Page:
The world is heading towards a “permanent war” in cyberspace, the head of France’s digital security agency has warned.
Guillaume Poupard, director general of the National Cybersecurity Agency of France (ANSSI) said intensifying attacks were coming from unspecified states, as well as criminal and extremist groups.
“We must work collectively, not just with two or three Western countries, but on a global scale,” he added, saying attacks could aim at espionage, fraud, sabotage or destruction.
“We are getting closer, clearly, to a state of war - a state of war that could be more complicated, probably, than those we've known until now.”
He was speaking as the world continued to reel from the global WannaCry ransomware attack, which crippled the NHS earlier this month.
Targeting computers an outdated Windows operating system, it infected more than 230,000 computers in 150 countries in just a day, including Russia, India and Taiwan.
It came amid allegations that Russia-backed hackers were responsible for cyber attacks affecting elections in the US and France.
But investigators have found no evidence that a prolific Russian group was behind a hack targeting Emmanuel Macron’s campaign just days before the presidential election.
It saw a huge cache of data and documents from the candidate’s team posted online hours before reporting restrictions kicked in across France, meaning they could not be properly analysed and claims circulating on social media went unchallenged.
Analysts who found traces of Russian code in the leaks said they could be linked to the group initially suspected of orchestrating the Democratic National Campaign (DNC) leak.
Vitali Kremez, director of research with US-based cyber intelligence firm Flashpoint, said his analysis indicated that APT 28, a group tied to Russia’s GRU military intelligence directorate, was behind the attack at the time.
But a probe by ANSSI has found no trace of the outfit, also known as Fancy Bear or Sofacy, which has also been blamed for attacks targeting White House, German Parliament, Nato and French media.
Mr Poupard described the Macron campaign hack as ”not very technological“ and said "the attack was so generic and simple that it could have been practically anyone".
Without ruling out the possibility that a state might have been involved, he told the Associated Press the technique used “means that we can imagine that it was a person who did this alone,” adding: “They could be in any country.
“It really could be anyone. It could even be an isolated individual.”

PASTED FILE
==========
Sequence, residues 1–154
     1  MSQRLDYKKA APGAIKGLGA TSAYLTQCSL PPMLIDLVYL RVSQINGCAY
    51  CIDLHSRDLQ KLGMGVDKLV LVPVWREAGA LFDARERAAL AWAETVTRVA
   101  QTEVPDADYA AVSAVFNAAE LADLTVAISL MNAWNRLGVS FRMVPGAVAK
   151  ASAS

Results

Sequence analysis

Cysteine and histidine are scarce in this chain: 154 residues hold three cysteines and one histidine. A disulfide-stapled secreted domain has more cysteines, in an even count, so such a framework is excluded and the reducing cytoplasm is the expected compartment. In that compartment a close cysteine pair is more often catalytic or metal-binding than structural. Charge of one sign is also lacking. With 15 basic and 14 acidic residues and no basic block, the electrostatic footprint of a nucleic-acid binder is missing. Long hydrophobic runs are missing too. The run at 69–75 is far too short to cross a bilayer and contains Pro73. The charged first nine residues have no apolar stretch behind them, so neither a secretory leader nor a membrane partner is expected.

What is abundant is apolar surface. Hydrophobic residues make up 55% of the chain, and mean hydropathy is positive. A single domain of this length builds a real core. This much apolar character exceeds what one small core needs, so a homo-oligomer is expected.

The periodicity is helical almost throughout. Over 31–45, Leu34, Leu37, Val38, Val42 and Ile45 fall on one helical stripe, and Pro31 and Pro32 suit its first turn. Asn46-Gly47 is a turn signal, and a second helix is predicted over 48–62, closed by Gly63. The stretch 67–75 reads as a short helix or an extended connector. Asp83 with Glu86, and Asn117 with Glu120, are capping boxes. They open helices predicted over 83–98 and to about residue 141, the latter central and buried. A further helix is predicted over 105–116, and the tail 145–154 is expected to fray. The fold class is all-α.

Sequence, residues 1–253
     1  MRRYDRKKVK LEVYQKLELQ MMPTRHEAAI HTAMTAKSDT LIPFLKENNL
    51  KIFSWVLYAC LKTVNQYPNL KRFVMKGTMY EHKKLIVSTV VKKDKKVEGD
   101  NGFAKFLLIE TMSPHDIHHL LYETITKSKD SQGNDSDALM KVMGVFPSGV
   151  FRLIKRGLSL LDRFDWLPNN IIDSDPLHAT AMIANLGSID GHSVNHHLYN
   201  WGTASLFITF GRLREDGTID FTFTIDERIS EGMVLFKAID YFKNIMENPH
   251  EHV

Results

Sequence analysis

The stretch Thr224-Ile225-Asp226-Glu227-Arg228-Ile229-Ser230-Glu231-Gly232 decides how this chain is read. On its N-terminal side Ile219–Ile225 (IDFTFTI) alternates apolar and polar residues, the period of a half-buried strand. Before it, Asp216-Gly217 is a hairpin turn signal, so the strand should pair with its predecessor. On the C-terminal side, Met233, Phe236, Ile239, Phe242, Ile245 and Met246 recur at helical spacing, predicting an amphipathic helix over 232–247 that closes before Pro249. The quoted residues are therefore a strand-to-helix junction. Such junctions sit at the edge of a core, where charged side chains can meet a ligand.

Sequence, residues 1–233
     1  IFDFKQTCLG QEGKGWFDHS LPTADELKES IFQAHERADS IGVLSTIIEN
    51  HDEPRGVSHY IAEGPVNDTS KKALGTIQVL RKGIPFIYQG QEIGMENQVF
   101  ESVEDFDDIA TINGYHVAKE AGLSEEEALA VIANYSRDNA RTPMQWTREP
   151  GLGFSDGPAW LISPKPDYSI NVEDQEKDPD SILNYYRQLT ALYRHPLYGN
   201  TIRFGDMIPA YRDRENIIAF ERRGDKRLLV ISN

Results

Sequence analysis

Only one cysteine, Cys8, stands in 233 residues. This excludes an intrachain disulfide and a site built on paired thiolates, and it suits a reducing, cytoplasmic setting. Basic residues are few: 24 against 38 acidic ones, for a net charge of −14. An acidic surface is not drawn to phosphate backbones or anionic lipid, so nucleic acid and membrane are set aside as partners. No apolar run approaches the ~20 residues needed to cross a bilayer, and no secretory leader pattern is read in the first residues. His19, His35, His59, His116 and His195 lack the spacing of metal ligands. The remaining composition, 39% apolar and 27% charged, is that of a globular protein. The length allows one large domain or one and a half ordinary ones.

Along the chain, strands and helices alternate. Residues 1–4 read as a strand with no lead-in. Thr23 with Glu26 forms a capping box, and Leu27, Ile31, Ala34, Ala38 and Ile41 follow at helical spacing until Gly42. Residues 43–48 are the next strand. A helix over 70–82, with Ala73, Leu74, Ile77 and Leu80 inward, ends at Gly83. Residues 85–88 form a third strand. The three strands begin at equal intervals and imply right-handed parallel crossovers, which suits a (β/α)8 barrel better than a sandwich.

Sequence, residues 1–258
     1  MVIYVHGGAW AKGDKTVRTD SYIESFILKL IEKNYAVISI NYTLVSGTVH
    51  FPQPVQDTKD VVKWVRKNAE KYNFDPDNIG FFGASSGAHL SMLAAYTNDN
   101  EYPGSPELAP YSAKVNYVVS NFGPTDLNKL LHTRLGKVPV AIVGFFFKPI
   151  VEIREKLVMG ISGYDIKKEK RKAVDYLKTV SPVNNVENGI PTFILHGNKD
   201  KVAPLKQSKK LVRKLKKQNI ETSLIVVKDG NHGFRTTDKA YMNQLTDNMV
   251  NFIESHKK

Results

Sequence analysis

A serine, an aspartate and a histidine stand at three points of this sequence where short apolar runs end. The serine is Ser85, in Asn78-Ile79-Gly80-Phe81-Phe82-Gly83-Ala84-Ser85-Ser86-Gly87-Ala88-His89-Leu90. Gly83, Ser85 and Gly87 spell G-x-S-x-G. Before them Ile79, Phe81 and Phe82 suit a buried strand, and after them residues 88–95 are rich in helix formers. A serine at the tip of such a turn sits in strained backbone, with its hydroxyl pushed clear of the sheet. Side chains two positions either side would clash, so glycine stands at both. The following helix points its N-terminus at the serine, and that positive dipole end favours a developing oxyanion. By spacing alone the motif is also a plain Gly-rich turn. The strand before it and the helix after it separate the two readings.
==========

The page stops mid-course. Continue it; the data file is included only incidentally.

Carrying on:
Politicians across Europe have pointed the finger at Russia for alleged attempts at interfering in elections but Vladimir Putin has persistently denied the claims.
US intelligence agencies have accused the Russian President of personally commissioning the DNC email hack and other interference helping Mr Trump to victory.
Mr Putin admitted on Thursday that “patriotic” Russian hackers could have launched attacks amid worsening relations with the West, but insisted that “we don't engage in that at the state level”.
Analysts previously said APT 28 had registered decoy internet addresses to mimic the name of Mr Macron’s En Marche! party, then used the domains to send corrupted emails to hack into the campaign’s computers.
The leak came just little over a day before the second and decisive vote in the French presidential election,
Mr Macron’s En Marche! party confirmed it had “been the victim of a massive and coordinated hack” that had “given rise to the diffusion on social media of various internal information”.
A spokesperson said the communications only showed the normal functioning of a presidential campaign, but that authentic documents had been mixed on social media with fakes to sow “doubt and misinformation”.
Far-right American activists are believed to be behind early efforts to spread the documents on social media, before they were picked up by Ms Le Pen’s supporters in France.
Ben Nimmo, of the Atlantic Council’s Digital Forensic Research Lab, said the mass document drop appeared to have been deliberately timed just hours before restrictions kicked in.
He told The Independent that the contents appeared to be “99 per cent boring” but the En Marche! leaks and other conspiracy theories targeting Mr Macron had exposed a “real confluence of interest” between Russia and the far right in Russia and France.
“They’re not necessarily coordinated, but they’re interested in a lot of the same stuff,” Mr Nimmo added.
The cyber attack came just 10 days after the En Marche! digital chief Mounir Mahjoubi said it had been targeted by Russia-linked hackers – but that those hacking attempts had all been thwarted.
There have been repeated allegations of Russian interference in elections across Europe and the US, with Mr Macron previously targeting state media for spreading “fake news” to damage his campaign.
The new French president raised the issue directly with Mr Putin at a meeting in Versailles, telling a joint news conference “Russia Today and Sputnik were agents of influence which on several occasions spread fake news about me personally and my campaign”.
“They behaved like organs of influence, of propaganda and of lying propaganda,” Mr Macron added, after barring journalists from two Russian outlets from his headquarters.
The Kremlin appeared to favour his opponent Marine Le Pen during the campaign, with Mr Putin granting the far-right leader an audience a month before the first round vote.
Sputnik, RT and the Kremlin have all rejected allegations of meddling in the French election.
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